All photos copyright Made Sacred 2018

The Darkness of Advent

The final paper for my current master’s class was due this week, so I pray that this post from the archives blesses you. Thank you for your grace.

To hear my blog post read aloud, just click the play button. If you’re reading this in an email, you may have to click here to hear the post on my site.


Christmas begins in the dark.
Advent, this season leading up to Christmas, is for us. It is for we who live in the dark.
This season seems to amplify pain. Those who are lonely feel more lonely, those who are grieving feel their grief more deeply, those who are hurting seem to suffer more.
And that’s okay.
It’s okay not to feel happy this time of year.
After all, Christmas doesn’t mean much if we don’t need it.
Mary understood. Her angel visitation led to a rift between her and her beloved, a painful journey on a donkey, and giving birth next to a chicken.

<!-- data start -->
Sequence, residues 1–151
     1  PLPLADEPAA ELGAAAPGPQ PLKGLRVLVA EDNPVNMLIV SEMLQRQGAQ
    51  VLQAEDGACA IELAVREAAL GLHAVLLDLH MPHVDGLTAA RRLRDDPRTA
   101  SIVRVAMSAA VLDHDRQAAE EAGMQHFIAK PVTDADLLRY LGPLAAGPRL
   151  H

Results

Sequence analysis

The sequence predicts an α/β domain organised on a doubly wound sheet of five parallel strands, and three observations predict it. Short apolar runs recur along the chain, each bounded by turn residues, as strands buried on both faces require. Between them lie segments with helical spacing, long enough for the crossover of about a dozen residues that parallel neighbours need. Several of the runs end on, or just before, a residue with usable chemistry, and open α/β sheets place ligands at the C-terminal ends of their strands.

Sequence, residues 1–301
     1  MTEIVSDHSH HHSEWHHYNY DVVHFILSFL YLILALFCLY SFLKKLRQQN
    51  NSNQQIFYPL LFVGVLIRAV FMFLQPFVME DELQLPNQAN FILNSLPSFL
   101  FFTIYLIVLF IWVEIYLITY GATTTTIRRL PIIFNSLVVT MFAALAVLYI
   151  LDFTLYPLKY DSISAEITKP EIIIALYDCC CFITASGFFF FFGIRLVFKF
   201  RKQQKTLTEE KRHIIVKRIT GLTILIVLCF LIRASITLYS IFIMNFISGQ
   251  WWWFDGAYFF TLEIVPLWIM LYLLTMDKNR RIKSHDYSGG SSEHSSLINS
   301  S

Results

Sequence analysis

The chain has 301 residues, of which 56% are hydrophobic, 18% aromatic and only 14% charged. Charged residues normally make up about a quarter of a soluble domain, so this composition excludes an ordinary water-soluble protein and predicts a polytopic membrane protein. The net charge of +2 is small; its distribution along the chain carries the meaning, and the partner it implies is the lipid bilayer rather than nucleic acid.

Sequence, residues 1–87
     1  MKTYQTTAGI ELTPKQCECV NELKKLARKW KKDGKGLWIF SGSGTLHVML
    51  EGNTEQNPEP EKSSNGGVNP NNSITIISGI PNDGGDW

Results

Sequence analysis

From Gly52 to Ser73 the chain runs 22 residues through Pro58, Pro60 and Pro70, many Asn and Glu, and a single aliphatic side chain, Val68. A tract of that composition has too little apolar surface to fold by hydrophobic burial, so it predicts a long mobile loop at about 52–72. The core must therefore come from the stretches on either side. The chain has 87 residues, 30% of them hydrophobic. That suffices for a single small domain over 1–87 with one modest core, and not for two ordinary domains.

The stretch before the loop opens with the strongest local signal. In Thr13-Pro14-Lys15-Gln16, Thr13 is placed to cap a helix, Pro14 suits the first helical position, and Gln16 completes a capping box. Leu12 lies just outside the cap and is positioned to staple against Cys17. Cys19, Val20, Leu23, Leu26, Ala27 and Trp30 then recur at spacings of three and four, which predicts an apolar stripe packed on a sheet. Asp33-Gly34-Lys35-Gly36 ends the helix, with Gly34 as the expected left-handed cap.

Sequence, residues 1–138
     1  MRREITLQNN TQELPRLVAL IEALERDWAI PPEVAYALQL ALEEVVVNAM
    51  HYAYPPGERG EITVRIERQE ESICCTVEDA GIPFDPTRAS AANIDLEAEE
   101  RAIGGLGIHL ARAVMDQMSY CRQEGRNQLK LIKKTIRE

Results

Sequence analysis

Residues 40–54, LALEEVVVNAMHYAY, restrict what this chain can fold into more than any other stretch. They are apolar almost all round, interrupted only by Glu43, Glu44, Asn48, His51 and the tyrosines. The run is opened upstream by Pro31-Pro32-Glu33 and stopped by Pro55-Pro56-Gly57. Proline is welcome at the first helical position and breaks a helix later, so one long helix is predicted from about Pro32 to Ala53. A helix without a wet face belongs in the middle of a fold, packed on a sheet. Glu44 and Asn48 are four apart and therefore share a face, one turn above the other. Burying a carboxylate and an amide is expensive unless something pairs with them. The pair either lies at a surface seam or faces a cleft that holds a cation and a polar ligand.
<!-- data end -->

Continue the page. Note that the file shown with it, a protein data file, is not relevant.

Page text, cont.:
Even as she clutched her newborn son, she heard the prophecy of a sword piercing her heart and wondered.
Even after her Christmas, her beloved son grew farther and farther away from her, uttering such things as Why would you look for me? Don’t you know I must be about my Father’s business? and, when she came through the crowds to see him, My mother and my brothers are those who hear the word of God and do it.
Yet Mary stayed close. She trusted and held on to her faith in her son no matter how distant he seemed, even when he died. She stayed close. Everywhere we look in the gospels we see Mary, hovering on the outskirts, still showing up, still coming back to her son again and again.